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In natural communities, species and their interactions are often organized as nonrandom networks, showing distinct and repeated complex patterns. A prevalent, but poorly explored pattern is ecological modularity, with weakly interlinked subsets of species (modules), which, however, internally consist of strongly connected species. The importance of(More)
A pollination network may be either 2-mode, describing trophic and reproductive interactions between communities of flowering plants and pollinator species within a well-defined habitat, or 1-mode, describing interactions between either plants or pollinators. In a 1-mode pollinator network, two pollinator species are linked to each other if they both visit(More)
Ecological networks are complexes of interacting species, but not all potential links among species are realized. Unobserved links are either missing or forbidden. Missing links exist, but require more sampling or alternative ways of detection to be verified. Forbidden links remain unobservable, irrespective of sampling effort. They are caused by linkage(More)
BACKGROUND Flower visiting insects provide a vitally important pollination service for many crops and wild plants. Recent decline of pollinating insects due to anthropogenic modification of habitats and climate, in particular from 1950's onwards, is a major and widespread concern. However, few studies document the extent of declines in species diversity,(More)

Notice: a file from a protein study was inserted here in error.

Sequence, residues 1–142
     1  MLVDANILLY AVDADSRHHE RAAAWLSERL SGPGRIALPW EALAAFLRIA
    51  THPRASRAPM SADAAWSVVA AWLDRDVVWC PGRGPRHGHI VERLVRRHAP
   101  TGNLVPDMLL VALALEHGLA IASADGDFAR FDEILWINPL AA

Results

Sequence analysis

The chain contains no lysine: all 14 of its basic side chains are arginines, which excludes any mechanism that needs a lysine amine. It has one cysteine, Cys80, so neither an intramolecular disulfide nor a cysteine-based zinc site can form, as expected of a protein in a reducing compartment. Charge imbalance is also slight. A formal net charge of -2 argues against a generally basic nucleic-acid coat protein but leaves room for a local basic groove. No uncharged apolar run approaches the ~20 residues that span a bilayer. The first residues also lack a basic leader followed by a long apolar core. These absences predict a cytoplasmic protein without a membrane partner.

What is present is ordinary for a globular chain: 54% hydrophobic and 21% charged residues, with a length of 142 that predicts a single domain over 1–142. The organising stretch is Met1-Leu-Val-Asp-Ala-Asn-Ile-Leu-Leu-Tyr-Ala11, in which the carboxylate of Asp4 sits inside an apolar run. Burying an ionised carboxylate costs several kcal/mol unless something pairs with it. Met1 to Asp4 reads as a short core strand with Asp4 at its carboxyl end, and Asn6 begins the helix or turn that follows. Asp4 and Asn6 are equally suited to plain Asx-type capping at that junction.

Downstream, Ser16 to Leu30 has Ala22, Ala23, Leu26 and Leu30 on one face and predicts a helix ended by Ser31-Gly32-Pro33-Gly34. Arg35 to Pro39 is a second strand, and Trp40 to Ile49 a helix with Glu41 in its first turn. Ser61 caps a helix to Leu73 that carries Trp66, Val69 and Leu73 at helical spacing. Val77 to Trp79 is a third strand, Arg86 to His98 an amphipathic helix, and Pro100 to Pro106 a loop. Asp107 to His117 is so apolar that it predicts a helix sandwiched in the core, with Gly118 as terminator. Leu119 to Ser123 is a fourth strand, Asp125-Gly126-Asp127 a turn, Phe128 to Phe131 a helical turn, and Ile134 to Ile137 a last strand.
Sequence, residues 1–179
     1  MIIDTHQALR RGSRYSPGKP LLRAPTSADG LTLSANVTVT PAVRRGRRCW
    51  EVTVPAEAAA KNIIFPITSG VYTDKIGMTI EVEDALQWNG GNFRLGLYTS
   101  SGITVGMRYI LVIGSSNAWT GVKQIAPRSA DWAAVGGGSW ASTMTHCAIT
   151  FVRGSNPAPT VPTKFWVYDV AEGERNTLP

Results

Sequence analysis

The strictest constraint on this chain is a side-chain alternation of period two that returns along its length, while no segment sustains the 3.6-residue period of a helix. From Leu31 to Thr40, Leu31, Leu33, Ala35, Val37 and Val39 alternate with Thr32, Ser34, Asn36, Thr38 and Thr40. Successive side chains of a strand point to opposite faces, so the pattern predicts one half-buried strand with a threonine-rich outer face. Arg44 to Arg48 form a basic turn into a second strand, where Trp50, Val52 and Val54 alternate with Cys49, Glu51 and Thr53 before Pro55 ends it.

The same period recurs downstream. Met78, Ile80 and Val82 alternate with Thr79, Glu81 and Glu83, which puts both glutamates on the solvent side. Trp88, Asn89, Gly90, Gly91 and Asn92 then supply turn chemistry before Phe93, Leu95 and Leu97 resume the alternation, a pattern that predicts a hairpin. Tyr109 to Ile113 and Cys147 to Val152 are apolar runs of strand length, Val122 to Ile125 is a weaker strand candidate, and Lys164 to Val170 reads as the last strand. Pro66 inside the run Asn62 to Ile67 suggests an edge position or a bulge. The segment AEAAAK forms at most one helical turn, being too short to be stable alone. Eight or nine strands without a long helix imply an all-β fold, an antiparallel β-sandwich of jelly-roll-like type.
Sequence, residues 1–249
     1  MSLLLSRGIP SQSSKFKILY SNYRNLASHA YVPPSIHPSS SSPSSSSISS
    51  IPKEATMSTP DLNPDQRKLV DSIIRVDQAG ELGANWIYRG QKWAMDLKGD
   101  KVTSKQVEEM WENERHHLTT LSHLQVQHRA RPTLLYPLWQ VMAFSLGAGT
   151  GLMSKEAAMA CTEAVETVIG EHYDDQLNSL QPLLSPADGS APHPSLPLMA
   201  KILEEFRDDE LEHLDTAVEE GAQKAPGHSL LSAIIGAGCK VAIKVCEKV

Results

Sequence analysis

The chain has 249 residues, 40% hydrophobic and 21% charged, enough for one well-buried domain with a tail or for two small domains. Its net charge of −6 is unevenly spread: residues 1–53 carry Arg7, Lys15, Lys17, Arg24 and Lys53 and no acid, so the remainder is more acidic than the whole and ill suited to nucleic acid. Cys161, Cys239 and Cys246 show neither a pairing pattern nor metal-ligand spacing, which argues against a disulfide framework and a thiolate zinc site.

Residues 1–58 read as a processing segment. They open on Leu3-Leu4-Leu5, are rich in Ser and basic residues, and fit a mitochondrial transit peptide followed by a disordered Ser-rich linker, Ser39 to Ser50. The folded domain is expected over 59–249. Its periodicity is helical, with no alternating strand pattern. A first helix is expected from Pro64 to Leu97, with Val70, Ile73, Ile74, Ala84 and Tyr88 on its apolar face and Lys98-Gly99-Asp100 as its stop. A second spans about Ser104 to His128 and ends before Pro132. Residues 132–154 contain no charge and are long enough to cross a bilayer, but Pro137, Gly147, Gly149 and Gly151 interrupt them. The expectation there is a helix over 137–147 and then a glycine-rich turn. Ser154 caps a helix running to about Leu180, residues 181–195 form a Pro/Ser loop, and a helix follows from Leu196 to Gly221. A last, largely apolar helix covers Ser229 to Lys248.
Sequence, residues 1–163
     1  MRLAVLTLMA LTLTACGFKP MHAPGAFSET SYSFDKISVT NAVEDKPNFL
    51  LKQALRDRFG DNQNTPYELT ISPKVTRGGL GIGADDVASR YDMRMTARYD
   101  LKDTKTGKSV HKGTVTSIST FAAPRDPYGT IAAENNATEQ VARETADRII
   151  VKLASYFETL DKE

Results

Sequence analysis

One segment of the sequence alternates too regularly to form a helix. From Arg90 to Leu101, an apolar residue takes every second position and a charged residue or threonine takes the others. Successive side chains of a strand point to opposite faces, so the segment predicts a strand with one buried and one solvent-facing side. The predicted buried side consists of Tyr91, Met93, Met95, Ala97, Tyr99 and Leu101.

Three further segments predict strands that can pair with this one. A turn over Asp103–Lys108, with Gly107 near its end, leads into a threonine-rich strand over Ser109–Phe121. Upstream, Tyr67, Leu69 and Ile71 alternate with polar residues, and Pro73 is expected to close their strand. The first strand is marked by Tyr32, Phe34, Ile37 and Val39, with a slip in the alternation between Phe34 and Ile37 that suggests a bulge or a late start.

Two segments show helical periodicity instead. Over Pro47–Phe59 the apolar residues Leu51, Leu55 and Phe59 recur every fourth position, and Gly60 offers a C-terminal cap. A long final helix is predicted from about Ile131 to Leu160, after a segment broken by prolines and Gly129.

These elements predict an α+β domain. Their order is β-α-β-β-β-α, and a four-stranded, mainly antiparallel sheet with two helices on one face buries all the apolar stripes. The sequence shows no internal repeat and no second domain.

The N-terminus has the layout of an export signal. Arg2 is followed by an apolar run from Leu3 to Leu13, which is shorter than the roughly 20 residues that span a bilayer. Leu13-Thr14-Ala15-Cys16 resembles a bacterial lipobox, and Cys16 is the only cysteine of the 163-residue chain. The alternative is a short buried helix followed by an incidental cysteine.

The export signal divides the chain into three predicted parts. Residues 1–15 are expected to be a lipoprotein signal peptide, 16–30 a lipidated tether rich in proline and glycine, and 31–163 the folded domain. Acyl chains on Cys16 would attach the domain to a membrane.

1. Co-existing plants and flower-visiting animals often form complex interaction networks. A long-standing question in ecology and evolutionary biology is how to detect nonrandom subsets (compartments, blocks, modules) of strongly interacting species within such networks. Here we use a network analytical approach to (i) detect modularity in pollination(More)
Most ecological networks are analysed as static structures, where all observed species and links are present simultaneously. However, this is over-simplified, because networks are temporally dynamical. We resolved an arctic, entire-season plant-flower visitor network into a temporal series of 1-day networks and compared the properties with its static(More)
Adult body mass is a strong correlate of many important life history traits of bees, and thus, has been used as a proxy for these traits in ecological studies. However, body mass is difficult to measure on live specimens in the field, and impossible to measure non-destructively on dry museum specimens. For worker and male bumblebees, we evaluated the linear(More)
Shea (Vitellaria paradoxa) is an important fruit tree in West African parklands, and its successful pollination is a requirement for fruit production. Size-based pollinator exclusion experiments combined with visual observations showed that presence of honey bees (Apis mellifera jemenitica) was important for pollination and thereby the production of fruits(More)
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